For Philadelphia Eagles wide receiver Riley Cooper, the use of a racial slur nearly cost him his job. However, two Detroit Lions players claim that racially charged profanity is simply a mark of their close friendship.
Lions safety Louis Delmas claims that he and teammate Tony Scheffler regularly greet each other by using the words “cracker” and “n-----,” the Detroit News reports, but they claim their racial slurs are used without any sort of negative connotation. According to Delmas, they are merely an indication of the pair’s longstanding friendship.
“Me and [Scheffler] have a relationship many people do not have -- both black and white,” Delmas told the Detroit News. “I look at him like my brother. I love him to death. He greets me, ‘What’s up, n-----?”’ But I understand it. So I say, ‘What’s up, cracker?’ But we would never take it outside the building.”
Scheffler echoed Delmas’ sentiment concerning the pair’s use of racial slurs. “I treat Louis like a little brother,” Scheffler told the Detroit News. “He knows my wife and kids. He calls me ‘white boy’ and ‘cracker.’ We go back and forth with it and we are both comfortable with each other.”
Still, Delmas understands that his and Scheffler’s use of the N-word and phrases like “cracker” is far different than the way Cooper used the racial slur in his viral video. “The way the public blew up the [Cooper] situation, it should be blown up that way because he needs to learn a lesson. You can’t say that. You will never see me going outside the building calling someone cracker. You can’t do that.”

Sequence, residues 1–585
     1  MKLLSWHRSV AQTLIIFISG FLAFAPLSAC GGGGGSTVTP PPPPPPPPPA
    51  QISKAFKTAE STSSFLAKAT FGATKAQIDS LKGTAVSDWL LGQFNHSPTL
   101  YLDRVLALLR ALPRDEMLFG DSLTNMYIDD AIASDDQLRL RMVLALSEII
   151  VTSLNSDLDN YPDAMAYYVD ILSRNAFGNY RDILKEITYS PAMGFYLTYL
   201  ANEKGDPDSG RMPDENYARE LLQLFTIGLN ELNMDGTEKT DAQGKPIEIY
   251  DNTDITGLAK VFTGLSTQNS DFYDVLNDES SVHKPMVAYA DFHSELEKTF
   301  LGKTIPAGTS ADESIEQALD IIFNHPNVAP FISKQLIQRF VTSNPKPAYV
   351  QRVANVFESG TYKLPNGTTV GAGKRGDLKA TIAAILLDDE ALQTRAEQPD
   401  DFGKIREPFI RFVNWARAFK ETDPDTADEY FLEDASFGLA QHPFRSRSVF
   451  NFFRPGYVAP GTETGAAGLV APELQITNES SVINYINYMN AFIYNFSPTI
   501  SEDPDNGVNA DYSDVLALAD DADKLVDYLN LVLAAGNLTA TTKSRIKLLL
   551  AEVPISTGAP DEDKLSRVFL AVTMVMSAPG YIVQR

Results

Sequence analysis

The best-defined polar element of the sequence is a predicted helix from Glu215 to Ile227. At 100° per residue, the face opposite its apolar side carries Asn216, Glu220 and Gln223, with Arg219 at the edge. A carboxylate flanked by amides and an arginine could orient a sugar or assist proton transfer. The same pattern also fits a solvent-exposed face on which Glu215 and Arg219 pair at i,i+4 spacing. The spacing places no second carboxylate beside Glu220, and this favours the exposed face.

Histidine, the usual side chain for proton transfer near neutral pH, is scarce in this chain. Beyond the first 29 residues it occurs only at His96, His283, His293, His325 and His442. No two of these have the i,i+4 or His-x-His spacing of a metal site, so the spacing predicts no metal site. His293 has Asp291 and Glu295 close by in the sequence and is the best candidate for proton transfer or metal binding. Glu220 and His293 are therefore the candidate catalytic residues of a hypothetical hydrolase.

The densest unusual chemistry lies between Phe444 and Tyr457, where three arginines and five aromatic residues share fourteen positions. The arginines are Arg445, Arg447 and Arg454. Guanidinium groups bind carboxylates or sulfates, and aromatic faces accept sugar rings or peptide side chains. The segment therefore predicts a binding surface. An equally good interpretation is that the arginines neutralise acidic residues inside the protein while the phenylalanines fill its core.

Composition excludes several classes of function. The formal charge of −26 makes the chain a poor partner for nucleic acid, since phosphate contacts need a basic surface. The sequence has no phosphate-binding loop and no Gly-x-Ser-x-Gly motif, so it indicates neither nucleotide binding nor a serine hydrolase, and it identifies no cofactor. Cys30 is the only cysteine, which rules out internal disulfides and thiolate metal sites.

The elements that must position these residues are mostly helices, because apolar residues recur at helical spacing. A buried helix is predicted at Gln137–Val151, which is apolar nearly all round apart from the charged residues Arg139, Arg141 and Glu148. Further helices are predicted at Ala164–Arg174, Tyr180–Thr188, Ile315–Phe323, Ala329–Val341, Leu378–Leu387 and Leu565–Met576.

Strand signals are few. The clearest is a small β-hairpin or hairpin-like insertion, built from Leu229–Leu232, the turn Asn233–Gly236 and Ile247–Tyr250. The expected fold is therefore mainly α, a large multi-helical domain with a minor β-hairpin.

Cooper initially came under fire when a video, in which he used a racist epithet, leaked online. In the viral video -- which was filmed at a Kenny Chesney concert -- the 25-year-old could be heard saying, “I will jump that fence and fight every n----- here” to an African-American security guard. He quickly apologized for the racist tirade, but he briefly left Eagles training camp to attend counseling.
Delmas and Scheffler’s casual use of racially charged language is understandable (at least to a certain extent) given their longtime friendship. The NFL veterans have been friends since they attended Western Michigan University together, and they work out together in Florida each offseason, the Detroit News reports.